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Why am I running?

I’m returning from a little blogging hiatus (that ran a bit longer than intended). Here’s a photo from one of the reasons for the disruption.

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Puente Nuevo & the hills surrounding Ronda (Feb 2015)

Last month, Dr. 24Hours and I took a trip to Spain. It was supposed to be an 8-day stay that extended to 9, thanks to inclement weather on the U.S. East Coast “stranding” us in Madrid another 24 hours.

It took some time to recover from jet lag, etc. Then some time went into a Wikipedia edit-a-thon for Women’s History Month.

I’m picking up my series on changing career paths (part 1 here). But first a quick post on another topic, one that’s part of a reason I don’t blog more frequently.

Jennifer Polk, a career coach working with grad students and PhDs, hosts a twice-monthly Twitter chat #withaPhD. This week the topic was “balance”. There were several interesting threads, such as how we define “balance”, whether it’s even the right concept for what we mean, and how we achieve it (whatever we decide to call it). (Jennifer has curate the chat on Storify.)

There was a particular concept that seemed to resonate with many and yet clearly represented a tension point in practice. A point that we acknowledge as important yet seems to be one of the first anchors to give way when more weight or pressure is added elsewhere.

Taking care of self.

There is no singular thing. There is no one-size-fits-all.

I’ve been learning over the years what the formula looks like for me. Decent nutrition. Sufficient sleep. Clear breaks from work. Regular meetings with a counselor. A circle of friends I can be open with. Consistent exercise.

Exercise is one that, like others, has cycled in and out. Typically running features heavily. At times, I’ve managed a good streak for 3 or 6 months or so; other times, I’ve let it slip away when things start piling on. Right now, I’m in an “on” cycle – 9 months and counting.

Last spring, Dr24 and I ran a half marathon together, with a few other friends. It was his first, and my first in about seven years. The previous months had been chaotic – wrapping up things in Boston, going on my first real vacation in over a decade, moving, settling into a new job and embarking in a new direction for my career. I wasn’t properly trained. We finished. It was slow. It hurt.

I didn’t do much again for a few weeks, maybe a month. We started running again, separately and together. We talked about fitness goals. Another half marathon together? Sure. A full? Hmm…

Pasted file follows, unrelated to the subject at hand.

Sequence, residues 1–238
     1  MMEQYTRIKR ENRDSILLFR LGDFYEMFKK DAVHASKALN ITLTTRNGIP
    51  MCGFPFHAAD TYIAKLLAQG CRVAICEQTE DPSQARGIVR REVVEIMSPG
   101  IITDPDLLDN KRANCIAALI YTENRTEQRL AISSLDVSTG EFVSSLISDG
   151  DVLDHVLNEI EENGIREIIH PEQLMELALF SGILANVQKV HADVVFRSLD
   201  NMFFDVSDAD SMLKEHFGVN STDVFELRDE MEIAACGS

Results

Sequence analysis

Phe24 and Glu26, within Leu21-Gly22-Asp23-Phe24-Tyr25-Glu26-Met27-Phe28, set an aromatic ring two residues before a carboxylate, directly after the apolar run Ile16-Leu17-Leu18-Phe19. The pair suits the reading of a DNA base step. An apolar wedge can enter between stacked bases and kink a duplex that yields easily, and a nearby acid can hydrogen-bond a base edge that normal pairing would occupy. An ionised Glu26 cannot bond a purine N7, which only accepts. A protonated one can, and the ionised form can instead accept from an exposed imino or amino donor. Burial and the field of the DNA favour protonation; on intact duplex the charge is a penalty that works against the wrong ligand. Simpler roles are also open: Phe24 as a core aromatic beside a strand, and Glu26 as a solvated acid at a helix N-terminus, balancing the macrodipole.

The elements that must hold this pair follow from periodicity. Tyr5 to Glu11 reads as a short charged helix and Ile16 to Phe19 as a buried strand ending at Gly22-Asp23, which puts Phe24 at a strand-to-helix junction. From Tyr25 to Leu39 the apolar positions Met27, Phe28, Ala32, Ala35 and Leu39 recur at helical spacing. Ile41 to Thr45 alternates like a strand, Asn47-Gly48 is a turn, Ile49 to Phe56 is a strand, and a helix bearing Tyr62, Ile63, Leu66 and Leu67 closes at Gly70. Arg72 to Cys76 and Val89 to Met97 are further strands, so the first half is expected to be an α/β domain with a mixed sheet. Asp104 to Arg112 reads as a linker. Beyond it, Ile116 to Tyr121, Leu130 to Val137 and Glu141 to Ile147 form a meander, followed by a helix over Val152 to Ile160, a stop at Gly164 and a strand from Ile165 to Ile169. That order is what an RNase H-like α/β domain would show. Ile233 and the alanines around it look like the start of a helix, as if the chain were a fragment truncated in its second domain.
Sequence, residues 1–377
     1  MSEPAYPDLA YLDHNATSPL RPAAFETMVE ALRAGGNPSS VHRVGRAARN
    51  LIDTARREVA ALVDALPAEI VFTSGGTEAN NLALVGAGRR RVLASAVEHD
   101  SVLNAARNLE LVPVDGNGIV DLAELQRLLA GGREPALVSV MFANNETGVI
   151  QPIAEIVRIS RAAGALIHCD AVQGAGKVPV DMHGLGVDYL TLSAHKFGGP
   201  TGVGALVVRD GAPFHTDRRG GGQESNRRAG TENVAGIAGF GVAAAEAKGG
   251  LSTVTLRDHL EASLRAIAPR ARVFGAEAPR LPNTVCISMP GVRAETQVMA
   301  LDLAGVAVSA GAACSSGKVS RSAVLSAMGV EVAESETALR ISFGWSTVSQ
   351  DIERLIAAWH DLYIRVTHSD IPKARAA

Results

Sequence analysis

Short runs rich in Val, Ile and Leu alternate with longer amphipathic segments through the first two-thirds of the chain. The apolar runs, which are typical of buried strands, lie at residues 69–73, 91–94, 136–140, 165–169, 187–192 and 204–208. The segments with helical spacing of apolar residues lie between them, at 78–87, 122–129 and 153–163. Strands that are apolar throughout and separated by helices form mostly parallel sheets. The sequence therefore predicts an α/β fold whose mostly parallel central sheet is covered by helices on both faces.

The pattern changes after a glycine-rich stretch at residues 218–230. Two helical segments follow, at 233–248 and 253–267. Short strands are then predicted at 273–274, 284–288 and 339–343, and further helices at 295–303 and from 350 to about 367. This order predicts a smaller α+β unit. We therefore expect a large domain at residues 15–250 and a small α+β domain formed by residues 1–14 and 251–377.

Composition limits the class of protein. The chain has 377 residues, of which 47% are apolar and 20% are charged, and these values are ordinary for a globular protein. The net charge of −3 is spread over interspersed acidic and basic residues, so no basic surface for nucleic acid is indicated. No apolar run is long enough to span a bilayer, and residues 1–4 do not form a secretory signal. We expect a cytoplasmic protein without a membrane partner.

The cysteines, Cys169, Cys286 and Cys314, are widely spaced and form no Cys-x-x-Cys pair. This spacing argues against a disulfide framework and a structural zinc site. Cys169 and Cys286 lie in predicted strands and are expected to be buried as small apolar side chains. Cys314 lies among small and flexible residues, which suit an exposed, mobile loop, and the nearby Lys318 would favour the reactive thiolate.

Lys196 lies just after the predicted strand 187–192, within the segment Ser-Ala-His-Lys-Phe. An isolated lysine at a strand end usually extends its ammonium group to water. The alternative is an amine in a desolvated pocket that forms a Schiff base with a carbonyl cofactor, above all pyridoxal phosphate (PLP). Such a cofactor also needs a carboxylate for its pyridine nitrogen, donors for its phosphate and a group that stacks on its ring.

Why am I doing this?

In the past few years, I’ve begun to realize that, for me, exercise was about far more than vanity or pride – either of physical form or accomplishments. It’s about more than a way to maintain a weight or cardiovascular fitness.

Exercise has a profound impact on my mental and emotional states too. And this aspect is just as important to me, maybe even more so.

I’ve had some major stressors in my life over the past several years (haven’t we all?). But I also seem to maintain a steady level of anxiety about … well, any number of things. The anxiety often leads to considerable self-flagellation over my perceived failures. Then I start thinking about other things that I have or am screwing up, giving me more to worry about. It’s an ugly and exhausting cycle.

Exercise is one of the things that helps me manage this. It’s only one element (others include regular sessions with a licensed counselor), but it’s an important one for me.

It gives me something to do for an hour or so a few days a week, besides sit and mull over my failings. Somehow it helps maintain my emotional center. I still have cycles of anxiety and dejection, but they’re less frequent, and the  height of the drop and the time to rebound are smaller when I’m exercising regularly.

When there’s an active stressor, exercise cuts through the intense emotional front, so that I can think more productively about it. Sometimes I’m pushing so that my mind is focused on just getting through the workout. Sometimes I’m working through whatever thing is at the front of the queue or springs out of nowhere. Running especially is a good place to direct the edginess I feel when I’m upset or angry about something, brings me to a place where I can consider options.